Economics of the European Union (EU)

Course content

This is an introductory course on the economics of the European Union focusing on main economic and legal aspects of European integration as well as its policies. The course covers the historical development of the EU; regional cohesion, and competition policies; labor mobility and migration; the Common Agricultural Policy (CAP); monetary unification and the impact of the single currency; the common monetary policy in the euro area; and fiscal policy within a monetary union. In addition to these topics, the course also covers recent developments in the EU including the euro crisis and the policy response to the crisis.

The course is divided into three parts. The first part will cover the historical, political and institutional foundations of European economic integration including the role of the European Commission, the European Parliament and the Councils of Ministers.

The second part focuses on current issues including the euro crisis. First, we consider the micro and macroeconomic aspects of monetary integration. Starting with the theory of optimum currency areas, we analyze the economic and institutional aspects of the European Monetary Union, including the Stability and Growth Pact, Fiscal Compact and Banking Union. Then we turn to the current financial crisis in Europe focusing on the banking crises in Ireland and Spain and the Greek debt crisis. The policy responses to these crises are also discussed including the question whether these policies can resolve the crises and prevent future crises.

The third part analyzes European integration from a microeconomic perspective focusing on the effects of integration on economic growth, both at a national and a regional level. Key topics include the Common Agricultural Policy and the Rural Development and Regional Policy funded by the European Union. In addition, to these topics, we also discuss labor market policies, the European social model and flexicurity, and labor migration.


Bacheloruddannelsen i økonomi - recommended elective from the 3.year

MSc programme in Economics – elective course


Learning outcome

After completion of the course, students should be able to:


  • Describe the history of economic integration in Europe since 1973.

  • Explain and describe the main political and institutional characteristics of EU and the European Monetary Union.

  • Explain and describe the main problems in economic integration and with the main policies adopted by the EU.

  • Understand and explain theoretical and applied issues of the process of Economic and Monetary Union in the EU.

  • Understand and explain the role and distinctive features of labor markets in the EU.

  • Understand and explain the role and evolution of the common agricultural policy in EU.

  • Understand and explain the consequences of EU policy for the rest of the world.

  • Explain the role and institutional characteristics of the common monetary policy and of the national fiscal policies in the European Monetary Union.

  • Explain and describe the causes of and policies designed to resolve the euro crisis.


  • Be able to apply relevant macroeconomic models to the analysis of European integration and monetary union.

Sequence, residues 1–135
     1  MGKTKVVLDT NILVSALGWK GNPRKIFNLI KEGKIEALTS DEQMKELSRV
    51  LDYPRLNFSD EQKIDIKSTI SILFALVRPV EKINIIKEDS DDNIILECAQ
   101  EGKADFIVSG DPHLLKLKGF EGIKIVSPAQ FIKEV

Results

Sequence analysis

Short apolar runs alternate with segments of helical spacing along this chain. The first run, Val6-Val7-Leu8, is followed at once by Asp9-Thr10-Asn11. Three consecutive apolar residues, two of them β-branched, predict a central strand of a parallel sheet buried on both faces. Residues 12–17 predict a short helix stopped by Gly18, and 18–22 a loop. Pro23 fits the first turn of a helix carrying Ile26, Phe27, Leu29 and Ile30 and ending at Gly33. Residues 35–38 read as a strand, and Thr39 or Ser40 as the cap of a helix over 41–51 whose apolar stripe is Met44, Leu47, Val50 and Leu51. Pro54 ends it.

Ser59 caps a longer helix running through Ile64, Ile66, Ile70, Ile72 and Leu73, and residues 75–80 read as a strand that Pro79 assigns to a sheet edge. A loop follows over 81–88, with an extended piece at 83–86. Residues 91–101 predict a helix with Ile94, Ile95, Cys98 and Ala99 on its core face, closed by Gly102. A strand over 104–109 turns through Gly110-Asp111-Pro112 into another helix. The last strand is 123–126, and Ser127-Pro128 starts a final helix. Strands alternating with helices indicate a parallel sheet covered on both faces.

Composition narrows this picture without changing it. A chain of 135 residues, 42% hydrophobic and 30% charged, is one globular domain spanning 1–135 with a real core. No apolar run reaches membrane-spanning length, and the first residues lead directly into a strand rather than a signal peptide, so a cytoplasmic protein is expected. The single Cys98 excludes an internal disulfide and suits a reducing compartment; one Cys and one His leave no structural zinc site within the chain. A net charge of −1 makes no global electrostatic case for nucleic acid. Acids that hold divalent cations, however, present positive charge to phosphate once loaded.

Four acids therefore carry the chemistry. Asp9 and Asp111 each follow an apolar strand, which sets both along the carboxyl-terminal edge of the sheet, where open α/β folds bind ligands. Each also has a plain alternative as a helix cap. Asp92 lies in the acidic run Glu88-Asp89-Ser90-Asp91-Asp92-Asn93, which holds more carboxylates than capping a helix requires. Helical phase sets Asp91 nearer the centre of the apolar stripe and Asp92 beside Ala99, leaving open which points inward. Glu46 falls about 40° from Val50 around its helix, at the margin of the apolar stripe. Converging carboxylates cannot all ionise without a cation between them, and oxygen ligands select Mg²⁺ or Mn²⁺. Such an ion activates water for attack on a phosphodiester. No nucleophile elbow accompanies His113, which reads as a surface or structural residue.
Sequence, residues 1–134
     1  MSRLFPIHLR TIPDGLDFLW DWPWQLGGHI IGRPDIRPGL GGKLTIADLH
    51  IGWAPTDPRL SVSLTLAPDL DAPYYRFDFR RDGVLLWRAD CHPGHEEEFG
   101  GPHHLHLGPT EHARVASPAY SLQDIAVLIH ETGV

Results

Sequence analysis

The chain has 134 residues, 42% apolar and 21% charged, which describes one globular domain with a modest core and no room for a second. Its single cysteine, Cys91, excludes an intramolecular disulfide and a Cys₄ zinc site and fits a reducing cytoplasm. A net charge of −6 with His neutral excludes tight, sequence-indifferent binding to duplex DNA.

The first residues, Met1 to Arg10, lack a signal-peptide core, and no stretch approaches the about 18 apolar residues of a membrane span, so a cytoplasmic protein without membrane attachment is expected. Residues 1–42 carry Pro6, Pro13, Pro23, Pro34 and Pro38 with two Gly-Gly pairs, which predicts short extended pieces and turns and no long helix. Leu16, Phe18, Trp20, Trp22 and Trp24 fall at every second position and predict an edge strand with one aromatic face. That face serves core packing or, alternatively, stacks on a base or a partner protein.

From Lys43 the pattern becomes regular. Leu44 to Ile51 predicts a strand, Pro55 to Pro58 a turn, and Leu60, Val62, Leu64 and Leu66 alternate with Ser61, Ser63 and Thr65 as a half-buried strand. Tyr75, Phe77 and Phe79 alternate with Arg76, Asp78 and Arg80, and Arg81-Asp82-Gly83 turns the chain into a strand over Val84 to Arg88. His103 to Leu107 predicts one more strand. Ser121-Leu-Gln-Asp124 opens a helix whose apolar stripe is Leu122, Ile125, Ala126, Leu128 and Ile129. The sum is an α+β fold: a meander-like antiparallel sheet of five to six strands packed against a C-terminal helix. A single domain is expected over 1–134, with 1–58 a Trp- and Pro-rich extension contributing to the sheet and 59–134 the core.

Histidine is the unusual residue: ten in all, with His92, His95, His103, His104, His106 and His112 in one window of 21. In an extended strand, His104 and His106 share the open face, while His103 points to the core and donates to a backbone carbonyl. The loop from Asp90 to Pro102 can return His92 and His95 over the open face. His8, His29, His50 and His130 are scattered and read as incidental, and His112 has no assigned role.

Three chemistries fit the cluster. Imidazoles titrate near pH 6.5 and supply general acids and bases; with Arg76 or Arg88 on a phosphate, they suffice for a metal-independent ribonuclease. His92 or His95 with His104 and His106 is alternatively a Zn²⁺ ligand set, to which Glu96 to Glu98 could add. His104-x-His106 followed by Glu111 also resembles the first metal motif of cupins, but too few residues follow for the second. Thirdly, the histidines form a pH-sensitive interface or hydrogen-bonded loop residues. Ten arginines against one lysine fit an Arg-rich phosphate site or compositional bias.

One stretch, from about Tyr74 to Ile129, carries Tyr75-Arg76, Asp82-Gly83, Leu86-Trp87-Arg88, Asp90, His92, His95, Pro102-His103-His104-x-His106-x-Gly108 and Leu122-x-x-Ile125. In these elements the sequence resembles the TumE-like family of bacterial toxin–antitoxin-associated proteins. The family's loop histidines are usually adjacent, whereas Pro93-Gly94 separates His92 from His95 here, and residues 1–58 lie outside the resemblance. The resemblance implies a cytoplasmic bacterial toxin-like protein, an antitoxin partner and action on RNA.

• Be able to apply the theory of optimum currency area and apply this theory to the analysis of the European Monetary Union.

  • Be able to explain and apply economic growth theory and its relevance for the European Union.


  • Process relevant information for the analysis of European integration.

  • Carry out economic analysis related to current issues in Europe.


Baldwin, Richard and Charles Wyplosz: The Economics of European Integration, 5th edition, 2015.

Journal articles


Intermediate microeconomics and macroeconomics corresponding to Micro II and Macro II or the equivalent are strongly recommended. There is no formal prerequisite in mathematics/statistics, but some of the readings will involve empirical studies and prior knowledge of empirical analysis corresponding to 'Probability theory and statistics' (Sandsynlighedsteori) and Econometrics I would therefore be an advantage.

2 hours lectures 1 to 2 times a week from week 36 to 50 (except week 42).

The overall schema for the BA 3rd year can be seen at https:/​/​​polit_ba/​undervisning/​Lektionsplan-E17/​skemaer/​Sider/​default.aspx

or the Master at https:/​/​​economics_ma/​courses/​CourseCatalogue-E17/​Courseschema/​Pages/​default.aspx

Timetable and venue:
To see the time and location of lectures and exercise classes please press the link under "Se skema" (See schedule) at the right side of this page. E means Autumn.

You can find the similar information partly in English at
-Select Department: “2200-Økonomisk Institut” (and wait for respond)
-Select Module:: “2200-E17; [Name of course]””
-Select Report Type: “List – Weekdays”
-Select Period: “Efterår/Autumn – Weeks 31-5”
Press: “ View Timetable”

7,5 ECTS
Type of assessment
Written examination, 3 hours under invigilation
Individual exam at the computers of Copenhagen University.
The exam assignment is given in English and can be answered in English or in Danish. Language must be chosen at the course or exam registration.
Without aids
Marking scale
7-point grading scale
Censorship form
External censorship
if chosen by the Head of Studies.
Criteria for exam assessment

Students are assessed on the extent to which they master the learning outcome for the course.

To receive the top grade, the student must be able to demonstrate in an excellent manner that he or she has acquired and can make use of the knowledge, skills and competencies listed in the learning outcomes.

Single subject courses (day)

  • Category
  • Hours
  • Lectures
  • 42
  • Preparation
  • 161
  • Exam
  • 3
  • English
  • 206